Behavior Therapy Plus Medication Most Successful For Kids With Autism
Children with autism experienced fewer behaviors and needed less medication when their parents used behavior therapy in addition to medication, new research shows.
Researchers looked at children ages 4 to 13 with a history of aggression and diagnoses of autism, Asperger’s syndrome or pervasive developmental disorder (PDD). The children were divided into two groups, one of which was given the medication risperidone to treat their behavior. Children in the other group took risperidone as well, but their parents also underwent a parent training program to learn how to manage severely disruptive and non-compliant behavior while improving daily living skills.
Children in both groups displayed improvements over the course of six months, but the kids whose parents had training were less likely to be irritable, throw tantrums or be impulsive. On average, these children were also taking a smaller dose of the medication at the end of the study, researchers report in the December issue of the Journal of the American Academy of Child and Adolescent Psychiatry.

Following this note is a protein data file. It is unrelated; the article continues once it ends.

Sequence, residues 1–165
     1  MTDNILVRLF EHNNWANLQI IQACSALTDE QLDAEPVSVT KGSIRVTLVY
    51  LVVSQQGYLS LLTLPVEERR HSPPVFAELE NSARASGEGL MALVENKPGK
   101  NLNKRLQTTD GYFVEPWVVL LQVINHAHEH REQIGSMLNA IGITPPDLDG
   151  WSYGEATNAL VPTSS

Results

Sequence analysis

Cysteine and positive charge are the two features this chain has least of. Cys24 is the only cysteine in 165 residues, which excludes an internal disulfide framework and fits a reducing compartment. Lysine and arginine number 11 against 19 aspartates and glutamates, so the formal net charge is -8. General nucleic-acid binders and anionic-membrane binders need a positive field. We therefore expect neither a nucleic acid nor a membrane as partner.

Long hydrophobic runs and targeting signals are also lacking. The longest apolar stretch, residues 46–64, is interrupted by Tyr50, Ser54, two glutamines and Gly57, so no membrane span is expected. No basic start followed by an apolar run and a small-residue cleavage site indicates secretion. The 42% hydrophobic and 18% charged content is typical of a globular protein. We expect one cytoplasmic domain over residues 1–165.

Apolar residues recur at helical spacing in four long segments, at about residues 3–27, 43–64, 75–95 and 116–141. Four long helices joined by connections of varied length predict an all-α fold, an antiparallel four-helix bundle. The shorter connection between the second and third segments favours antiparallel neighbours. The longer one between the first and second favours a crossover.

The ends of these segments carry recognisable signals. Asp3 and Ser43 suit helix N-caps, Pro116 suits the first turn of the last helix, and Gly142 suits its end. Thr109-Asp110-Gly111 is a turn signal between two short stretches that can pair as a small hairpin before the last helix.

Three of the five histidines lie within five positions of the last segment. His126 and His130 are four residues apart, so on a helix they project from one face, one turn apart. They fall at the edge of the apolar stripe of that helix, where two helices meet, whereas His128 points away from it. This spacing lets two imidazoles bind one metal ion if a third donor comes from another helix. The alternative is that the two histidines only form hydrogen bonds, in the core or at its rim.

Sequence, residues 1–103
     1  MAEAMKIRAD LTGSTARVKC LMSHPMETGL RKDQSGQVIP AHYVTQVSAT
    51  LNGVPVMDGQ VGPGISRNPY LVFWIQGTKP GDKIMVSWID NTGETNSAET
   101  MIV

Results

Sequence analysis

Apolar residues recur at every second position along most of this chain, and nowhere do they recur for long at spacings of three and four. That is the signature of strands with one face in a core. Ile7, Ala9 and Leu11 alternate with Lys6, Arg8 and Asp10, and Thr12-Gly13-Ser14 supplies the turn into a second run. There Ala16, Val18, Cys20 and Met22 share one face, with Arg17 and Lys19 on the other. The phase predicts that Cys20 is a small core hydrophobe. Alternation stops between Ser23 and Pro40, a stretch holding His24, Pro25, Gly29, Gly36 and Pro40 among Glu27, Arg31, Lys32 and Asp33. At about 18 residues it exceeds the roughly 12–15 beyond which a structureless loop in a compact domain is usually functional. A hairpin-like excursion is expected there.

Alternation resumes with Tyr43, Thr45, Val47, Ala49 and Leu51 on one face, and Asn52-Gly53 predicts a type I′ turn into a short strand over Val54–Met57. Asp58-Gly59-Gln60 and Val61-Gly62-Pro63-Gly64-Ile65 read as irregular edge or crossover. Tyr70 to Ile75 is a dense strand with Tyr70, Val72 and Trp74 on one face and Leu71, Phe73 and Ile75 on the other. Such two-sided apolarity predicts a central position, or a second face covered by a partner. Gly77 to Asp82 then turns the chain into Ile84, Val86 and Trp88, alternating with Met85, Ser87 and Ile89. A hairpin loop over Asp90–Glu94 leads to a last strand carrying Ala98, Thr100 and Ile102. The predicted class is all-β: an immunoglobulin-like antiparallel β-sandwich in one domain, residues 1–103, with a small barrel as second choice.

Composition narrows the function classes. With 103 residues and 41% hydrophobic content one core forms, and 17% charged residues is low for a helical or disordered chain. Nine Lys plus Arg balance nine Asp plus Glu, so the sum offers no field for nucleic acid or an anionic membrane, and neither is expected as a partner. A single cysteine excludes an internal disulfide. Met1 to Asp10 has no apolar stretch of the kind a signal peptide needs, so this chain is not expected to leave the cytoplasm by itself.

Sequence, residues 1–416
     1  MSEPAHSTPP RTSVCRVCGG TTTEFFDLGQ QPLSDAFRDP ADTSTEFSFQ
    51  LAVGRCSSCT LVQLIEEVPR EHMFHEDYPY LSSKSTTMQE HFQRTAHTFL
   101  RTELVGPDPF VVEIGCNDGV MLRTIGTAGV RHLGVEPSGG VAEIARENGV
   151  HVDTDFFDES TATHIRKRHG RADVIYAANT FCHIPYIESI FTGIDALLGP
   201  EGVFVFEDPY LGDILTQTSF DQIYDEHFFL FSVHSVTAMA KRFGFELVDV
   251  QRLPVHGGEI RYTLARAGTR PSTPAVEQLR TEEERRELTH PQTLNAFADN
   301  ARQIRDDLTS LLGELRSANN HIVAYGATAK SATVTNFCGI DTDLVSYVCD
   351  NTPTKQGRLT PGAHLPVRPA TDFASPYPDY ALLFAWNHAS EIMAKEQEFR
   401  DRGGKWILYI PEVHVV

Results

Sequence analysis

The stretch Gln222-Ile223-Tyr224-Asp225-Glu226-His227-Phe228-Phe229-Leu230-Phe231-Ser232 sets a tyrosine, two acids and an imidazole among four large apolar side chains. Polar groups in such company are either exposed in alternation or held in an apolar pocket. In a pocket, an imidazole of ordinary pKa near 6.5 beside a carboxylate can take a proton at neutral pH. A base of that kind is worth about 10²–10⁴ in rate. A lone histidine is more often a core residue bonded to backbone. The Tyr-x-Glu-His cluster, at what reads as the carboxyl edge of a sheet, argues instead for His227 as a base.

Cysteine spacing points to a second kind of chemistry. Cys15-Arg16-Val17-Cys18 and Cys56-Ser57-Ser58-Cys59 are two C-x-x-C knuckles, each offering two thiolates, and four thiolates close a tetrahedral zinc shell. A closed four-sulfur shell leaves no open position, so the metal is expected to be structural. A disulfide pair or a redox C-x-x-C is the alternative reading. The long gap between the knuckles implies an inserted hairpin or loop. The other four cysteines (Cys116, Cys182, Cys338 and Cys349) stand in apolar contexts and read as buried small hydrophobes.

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What’s more, the benefits of the behavioral treatment provided by the parents appeared to increase over time, researchers said.
“Medication alone has been shown to help with some symptoms of autism, but its potential is limited,” said Thomas R. Insel, director of the National Institute of Mental Health, which provided funding for the study. “This study shows promise of a more effective treatment protocol that could improve life for children with autism and their families.”